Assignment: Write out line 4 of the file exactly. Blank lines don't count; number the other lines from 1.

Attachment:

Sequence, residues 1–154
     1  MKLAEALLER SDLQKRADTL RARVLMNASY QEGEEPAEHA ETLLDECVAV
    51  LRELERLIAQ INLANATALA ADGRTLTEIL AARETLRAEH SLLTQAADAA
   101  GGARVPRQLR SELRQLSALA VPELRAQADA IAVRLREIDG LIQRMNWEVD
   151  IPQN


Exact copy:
   101  GGARVPRQLR SELRQLSALA VPELRAQADA IAVRLREIDG LIQRMNWEVD